"Honey, my blood is way up. They told me at the clinic if I don't take off work, both me and the boy could die."

"Well now, ain't that just real nice for you? Just being lazy, reading movie magazines and watchin' TV on my money." His face was blood red and he threw a heavy phone book across the room.

He was pouring sweat. "You know I ain't cooking or cleaning!"

Annie heard Ma and Jim fighting that night while she tried to sleep. Life was changing and the girls had no control over it. Jim was drinking more and Ma didn't look good. Her face was really round and pale. She was supposed to be relaxing but Jim's ranting made that impossible.

Annie felt deep within her belly that something bad was going to happen.

Annie's Prediction

The next day, Ma was dressed for work. She came home after a half shift and laid down.

"I got a cripplin headache and I'm seein stars."

It was within the next hour that Ma grabbed both sides of her head and fell to the floor. Ma's legs were jerking, her mouth had foam coming from it and she was gurgling. Annie then caught the smell of pee and saw Ma had wet all over the rug. Annie called 911 and turned Ma to her side so she wouldn't choke.

Help came. They started IV's and explained they were giving drugs to stop "seizures" and bring Ma's pressure down.

Annie and Susie went to the hospital with Jim in his truck. He cussed all the way.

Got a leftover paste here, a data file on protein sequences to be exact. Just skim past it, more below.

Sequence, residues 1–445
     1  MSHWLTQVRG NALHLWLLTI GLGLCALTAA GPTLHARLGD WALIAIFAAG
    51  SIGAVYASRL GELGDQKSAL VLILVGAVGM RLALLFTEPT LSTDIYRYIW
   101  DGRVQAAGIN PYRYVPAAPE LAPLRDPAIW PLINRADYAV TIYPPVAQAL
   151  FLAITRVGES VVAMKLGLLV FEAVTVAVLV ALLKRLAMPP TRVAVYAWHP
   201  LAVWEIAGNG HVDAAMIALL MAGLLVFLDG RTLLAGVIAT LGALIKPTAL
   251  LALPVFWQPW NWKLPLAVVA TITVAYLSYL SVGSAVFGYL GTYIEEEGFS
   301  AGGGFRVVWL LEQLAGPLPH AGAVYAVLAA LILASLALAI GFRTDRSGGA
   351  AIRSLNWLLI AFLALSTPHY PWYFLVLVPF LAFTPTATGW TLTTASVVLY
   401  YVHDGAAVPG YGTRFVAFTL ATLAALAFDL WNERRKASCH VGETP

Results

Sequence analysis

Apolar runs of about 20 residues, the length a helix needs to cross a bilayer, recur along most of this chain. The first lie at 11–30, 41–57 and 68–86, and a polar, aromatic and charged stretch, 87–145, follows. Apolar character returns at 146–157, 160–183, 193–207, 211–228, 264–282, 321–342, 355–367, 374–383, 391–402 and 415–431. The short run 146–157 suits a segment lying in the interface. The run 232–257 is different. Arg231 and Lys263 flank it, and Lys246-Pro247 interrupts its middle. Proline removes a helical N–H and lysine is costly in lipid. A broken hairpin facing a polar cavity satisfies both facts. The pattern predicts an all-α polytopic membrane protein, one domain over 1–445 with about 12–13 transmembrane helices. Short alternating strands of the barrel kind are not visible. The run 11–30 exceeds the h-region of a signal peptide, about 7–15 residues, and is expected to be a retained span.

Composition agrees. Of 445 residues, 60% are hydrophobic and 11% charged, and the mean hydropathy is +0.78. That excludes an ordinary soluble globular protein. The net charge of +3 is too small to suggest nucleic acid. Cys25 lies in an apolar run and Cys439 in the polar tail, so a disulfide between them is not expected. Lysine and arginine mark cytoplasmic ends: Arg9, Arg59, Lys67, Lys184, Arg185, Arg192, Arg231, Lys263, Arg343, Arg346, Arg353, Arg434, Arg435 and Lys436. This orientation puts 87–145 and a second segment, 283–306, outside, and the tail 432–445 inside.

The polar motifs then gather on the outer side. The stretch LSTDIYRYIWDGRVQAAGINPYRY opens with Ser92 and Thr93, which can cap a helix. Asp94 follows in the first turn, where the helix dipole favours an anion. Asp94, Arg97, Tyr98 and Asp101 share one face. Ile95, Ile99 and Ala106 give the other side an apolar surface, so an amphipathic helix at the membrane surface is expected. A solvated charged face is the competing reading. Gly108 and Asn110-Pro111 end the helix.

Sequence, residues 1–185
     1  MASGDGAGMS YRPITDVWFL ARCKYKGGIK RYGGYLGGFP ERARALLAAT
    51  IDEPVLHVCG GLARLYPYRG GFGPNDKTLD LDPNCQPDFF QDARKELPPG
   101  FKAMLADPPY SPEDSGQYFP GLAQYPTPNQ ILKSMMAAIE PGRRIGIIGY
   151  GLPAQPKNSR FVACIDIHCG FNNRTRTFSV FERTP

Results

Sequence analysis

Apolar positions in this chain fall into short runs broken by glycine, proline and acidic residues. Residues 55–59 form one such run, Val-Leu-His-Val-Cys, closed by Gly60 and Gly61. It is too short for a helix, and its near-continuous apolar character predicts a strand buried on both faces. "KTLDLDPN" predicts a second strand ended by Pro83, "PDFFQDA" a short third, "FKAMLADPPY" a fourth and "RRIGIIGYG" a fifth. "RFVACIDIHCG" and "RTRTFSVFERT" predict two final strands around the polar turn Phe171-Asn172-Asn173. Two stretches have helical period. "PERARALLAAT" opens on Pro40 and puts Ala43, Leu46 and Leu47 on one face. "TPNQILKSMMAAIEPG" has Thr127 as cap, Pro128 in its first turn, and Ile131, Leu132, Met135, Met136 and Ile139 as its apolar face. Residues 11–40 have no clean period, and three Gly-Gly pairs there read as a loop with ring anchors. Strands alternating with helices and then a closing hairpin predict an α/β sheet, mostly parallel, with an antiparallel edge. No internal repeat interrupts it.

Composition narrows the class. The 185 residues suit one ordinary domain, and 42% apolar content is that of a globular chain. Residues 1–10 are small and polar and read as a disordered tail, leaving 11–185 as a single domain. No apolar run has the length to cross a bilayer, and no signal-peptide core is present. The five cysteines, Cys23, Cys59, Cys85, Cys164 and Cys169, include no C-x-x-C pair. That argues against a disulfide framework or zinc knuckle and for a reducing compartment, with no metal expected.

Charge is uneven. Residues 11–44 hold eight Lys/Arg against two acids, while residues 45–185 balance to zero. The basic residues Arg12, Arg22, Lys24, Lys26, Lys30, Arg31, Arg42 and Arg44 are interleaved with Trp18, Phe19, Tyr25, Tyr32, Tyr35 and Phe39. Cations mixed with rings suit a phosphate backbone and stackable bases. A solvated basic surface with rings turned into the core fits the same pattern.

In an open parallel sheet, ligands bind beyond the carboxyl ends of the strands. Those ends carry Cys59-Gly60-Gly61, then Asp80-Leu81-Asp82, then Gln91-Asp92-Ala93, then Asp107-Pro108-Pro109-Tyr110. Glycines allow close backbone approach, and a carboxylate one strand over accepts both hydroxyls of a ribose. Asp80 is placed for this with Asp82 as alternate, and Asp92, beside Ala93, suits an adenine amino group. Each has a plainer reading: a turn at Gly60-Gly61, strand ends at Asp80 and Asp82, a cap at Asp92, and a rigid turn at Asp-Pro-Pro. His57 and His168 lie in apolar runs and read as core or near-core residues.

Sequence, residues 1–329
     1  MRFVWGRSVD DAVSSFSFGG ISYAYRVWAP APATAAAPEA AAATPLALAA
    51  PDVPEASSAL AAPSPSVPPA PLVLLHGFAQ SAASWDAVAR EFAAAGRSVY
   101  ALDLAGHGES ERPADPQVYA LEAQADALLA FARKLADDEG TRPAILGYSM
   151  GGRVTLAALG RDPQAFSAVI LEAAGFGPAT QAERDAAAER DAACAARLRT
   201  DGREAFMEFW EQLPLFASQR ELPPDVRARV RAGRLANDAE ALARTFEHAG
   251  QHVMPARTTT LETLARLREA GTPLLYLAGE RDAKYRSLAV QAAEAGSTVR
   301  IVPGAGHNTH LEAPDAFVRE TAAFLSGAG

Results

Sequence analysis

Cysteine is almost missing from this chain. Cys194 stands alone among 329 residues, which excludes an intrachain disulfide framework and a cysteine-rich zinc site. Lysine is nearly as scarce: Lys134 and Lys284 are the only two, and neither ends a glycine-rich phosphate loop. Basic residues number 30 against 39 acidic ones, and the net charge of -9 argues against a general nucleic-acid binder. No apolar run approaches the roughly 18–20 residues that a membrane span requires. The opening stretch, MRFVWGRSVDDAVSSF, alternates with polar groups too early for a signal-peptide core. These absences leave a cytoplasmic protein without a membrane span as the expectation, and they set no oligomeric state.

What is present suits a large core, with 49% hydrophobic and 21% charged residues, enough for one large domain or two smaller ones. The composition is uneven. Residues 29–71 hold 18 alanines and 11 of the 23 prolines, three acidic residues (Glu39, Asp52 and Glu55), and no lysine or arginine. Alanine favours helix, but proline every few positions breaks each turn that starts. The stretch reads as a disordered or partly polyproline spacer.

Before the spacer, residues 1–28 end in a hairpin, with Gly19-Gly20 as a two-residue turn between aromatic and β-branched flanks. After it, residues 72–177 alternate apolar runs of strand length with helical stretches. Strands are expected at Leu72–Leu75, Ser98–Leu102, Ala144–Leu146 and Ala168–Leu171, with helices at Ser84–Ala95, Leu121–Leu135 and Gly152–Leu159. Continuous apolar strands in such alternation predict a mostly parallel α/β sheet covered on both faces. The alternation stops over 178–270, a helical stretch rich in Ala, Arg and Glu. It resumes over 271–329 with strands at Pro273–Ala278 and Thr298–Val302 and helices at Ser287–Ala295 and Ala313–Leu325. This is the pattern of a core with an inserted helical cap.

"'Damn you, June, if you lose my boy; I am going to kill you!!"

He kept beating the steering wheel. Annie was frightened. She had never seen Jim this way.

A code was called just like TV and many people rushed to her Ma's room. Jim was crying in the hallway. Annie heard the doctor tell Jim their little brother had died and Ma had to have surgery.

After a long time, they brought Ma back and hooked her up to all kinds of tubes including blood.
Jim screamed at their poor Ma and then plummeted her with his fists.

"What good are ya? Can't have a boy for me. Now you just blubber and act stupid!"

The girls watched Security men pull him away. Annie prayed her Ma wasn't able to feel the pain or hear his cruel words. She was so groggy from drugs and blood loss, she didn't seem to be in the real world. Jim was told not to come back or he would be arrested.

At first, the girls walked the halls. Then the hospital Social Director, Ms. Walker, took them into a comfortable room and covered them with blankets. She arranged for lunch and dinner trays.

Annie comforted Susie in every way she could. Ms. Walker assured them that Jim wouldn't be back and that "arrangements were being made for their care".

Social Services came. Their Ma had given them a number to call Grandma Rainey, June's mother.

The girls stayed with Rainey for two weeks and then Ma came home. Rainey could barely care for herself.
Annie was trying to take care of everyone by cleaning and helping to cook.
Rainey said, "Your ma was sick in her insides, had to have her womb removed so no more babies for her."

Ma cried for Jim who was nowhere to be seen. Ma didn't get better. She didn't bathe, comb her hair or eat. She cried all the time and walked around with a blanket like she was holding a baby. She would even sing lullabies to an empty blanket in her arms. She was pitiful.

Annie believed Ma had lost her mind.